Get or Give Help

Social distancing does not mean social isolation.  Please keep reaching out by phone, email or other technology to people who are alone.

tax prep

The Louisville Asset Building Coalition (LABC) that normally prepares taxes in-person has switched to a virtual tax preparation model. The service is free if you earned $66,000 Adjusted Gross Income or less in 2019, or if you qualify for the Earned Income Tax Credit. Clients can make appointments by visiting https://labcservices.org/. You may also click here to view a flyer that fully describes the process. LABC understands that not everyone will be comfortable with this new method, LABC plans to operate in-person tax sites once it’s safe to do so. More information will be provided in the D9 eNews when it’s available. The tax filing deadline has been extended to July 15, 2020.


A special website has been developed about community and agency actions taken to assist our most vulnerable residents.  Among other things, it includes information about emergency feeding sites for children 18 years old or younger established by JCPS, including sites at Breckinridge-Franklin Elementary and St. Matthews Elementary, and locations to pick up frozen meals for seniors. The site is updated daily.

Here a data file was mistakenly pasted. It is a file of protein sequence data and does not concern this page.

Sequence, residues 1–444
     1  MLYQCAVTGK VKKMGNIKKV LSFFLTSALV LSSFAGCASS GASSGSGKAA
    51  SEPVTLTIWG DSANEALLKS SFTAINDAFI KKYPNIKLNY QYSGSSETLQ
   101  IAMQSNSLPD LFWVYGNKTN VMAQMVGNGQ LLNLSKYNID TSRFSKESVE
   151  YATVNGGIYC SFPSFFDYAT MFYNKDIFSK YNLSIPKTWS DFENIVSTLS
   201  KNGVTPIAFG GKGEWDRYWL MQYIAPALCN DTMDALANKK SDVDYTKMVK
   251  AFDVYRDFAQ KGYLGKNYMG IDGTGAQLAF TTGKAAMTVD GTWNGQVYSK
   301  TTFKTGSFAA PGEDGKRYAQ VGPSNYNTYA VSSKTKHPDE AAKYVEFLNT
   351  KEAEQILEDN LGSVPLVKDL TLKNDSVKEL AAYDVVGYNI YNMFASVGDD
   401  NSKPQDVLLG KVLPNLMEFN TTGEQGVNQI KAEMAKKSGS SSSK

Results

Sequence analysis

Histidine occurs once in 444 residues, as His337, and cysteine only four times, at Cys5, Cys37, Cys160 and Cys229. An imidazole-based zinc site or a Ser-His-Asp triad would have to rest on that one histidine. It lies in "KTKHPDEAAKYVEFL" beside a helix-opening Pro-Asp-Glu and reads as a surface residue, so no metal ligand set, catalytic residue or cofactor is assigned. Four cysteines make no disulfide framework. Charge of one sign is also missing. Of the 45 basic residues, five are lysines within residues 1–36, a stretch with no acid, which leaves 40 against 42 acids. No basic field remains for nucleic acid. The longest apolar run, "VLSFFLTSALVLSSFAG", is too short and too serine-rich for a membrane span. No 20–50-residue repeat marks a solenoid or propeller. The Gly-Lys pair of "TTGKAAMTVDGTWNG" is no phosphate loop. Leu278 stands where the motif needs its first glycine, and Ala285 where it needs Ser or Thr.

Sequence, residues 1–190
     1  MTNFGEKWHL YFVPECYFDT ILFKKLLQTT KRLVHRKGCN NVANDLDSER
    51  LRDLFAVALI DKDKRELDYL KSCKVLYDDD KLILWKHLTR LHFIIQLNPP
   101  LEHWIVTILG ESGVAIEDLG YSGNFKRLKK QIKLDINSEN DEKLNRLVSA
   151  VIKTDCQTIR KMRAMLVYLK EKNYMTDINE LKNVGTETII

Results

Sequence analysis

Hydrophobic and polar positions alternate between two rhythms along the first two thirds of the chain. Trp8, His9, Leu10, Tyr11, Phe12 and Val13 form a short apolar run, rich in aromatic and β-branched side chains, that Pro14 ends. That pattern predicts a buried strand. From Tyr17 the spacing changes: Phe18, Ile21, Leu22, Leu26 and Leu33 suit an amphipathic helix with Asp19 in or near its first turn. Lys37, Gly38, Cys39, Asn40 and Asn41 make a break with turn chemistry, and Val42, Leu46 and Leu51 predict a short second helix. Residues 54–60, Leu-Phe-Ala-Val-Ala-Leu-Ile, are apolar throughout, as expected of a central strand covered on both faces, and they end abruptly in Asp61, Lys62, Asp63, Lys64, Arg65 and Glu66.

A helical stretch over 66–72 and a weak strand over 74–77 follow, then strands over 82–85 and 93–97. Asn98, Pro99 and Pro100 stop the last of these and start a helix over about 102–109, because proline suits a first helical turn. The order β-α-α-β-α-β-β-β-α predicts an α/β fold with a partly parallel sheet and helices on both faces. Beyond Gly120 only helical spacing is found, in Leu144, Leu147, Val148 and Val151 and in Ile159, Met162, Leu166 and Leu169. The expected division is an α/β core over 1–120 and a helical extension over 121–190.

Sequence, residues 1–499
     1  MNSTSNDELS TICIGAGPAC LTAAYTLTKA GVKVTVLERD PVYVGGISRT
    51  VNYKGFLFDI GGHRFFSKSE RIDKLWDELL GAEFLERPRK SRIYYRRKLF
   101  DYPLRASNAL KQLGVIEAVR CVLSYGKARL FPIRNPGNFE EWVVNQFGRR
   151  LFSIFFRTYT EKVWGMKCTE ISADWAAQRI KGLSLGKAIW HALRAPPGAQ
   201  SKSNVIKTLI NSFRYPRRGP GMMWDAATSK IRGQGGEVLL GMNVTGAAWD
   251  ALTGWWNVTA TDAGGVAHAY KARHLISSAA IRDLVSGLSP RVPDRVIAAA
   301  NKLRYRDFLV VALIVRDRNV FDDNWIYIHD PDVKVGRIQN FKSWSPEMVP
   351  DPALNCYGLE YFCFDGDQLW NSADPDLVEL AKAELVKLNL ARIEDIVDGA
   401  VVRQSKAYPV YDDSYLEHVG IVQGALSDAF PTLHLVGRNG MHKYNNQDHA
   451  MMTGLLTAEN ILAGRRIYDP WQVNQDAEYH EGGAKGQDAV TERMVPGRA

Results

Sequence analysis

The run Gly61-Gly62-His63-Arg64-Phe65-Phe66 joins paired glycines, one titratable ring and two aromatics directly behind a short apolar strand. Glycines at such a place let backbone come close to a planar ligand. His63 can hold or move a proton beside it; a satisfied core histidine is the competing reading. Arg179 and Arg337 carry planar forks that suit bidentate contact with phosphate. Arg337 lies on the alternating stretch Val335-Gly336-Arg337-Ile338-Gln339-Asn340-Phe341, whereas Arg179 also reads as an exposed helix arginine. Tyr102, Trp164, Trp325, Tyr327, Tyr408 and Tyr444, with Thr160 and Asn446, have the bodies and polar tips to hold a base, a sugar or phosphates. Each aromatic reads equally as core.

More and more people are needing emergency assistance to help them through this period.  You can help by volunteering and contributing to the community ministries in our city.  They provide food and emergency assistance to people needing help and are doing it in new ways to maintain social distancing.  United Crescent Hill Ministries can be reached at (502) 893-0346 or https://www.uchmlouky.org/.  St. Matthews Area Ministries is at  (502)-893-0205 or http://stmam.com/.  Both sites have information about ways to volunteer, donate or seek help.

Support Local Business

Support local businesses if you can.  Many restaurants are providing takeout or delivery options.  Call ahead or see their Facebook pages.

The Louisville Independent Business Alliance (LIBA) has developed an online resource and is sharing recommendations to help the community keep our local businesses in mind as we stay safe. Visit www.KeepLouisvilleWeird.com.

Yard Waste Resumes NEXT WEEK - April 13

yard waste

Regular, weekly curbside collection in the Urban Service District was to have resumed this week but it’s been delayed and is now set to resume the week of April 13.  For most everyone in the USD District 9, that means the first regular collection will be Friday, April 17.  Some collections may occur this week, if requests were made last week, but NO NEW REQUESTS ARE BEING ACCEPTED.

Leave your yard waste at the curb for pickup next week and follow these guidelines in the Urban Service District:

Yard Waste Collection accepts these items:

  • Leaves, twigs, straw, pine needles
  • Shrubbery trimmings
  • Branches and tree trimmings - must be less than 2 inches in diameter and less than 4 feet long
  • Wood ash

Yard Waste Collection does NOT accept these items:

  • Dirt, rock & gravel
  • Litter or trash from yard
  • Plastic items - including, but not limited to, flower pots, plant tags, empty mulch and soil bags
  • Large limbs & tree stumps - larger than 2 inches diameter and longer than 4 feet 
  • Wrong containers - material may not be in city garbage or recycling carts OR plastic bags
  • Piles not contained or bundled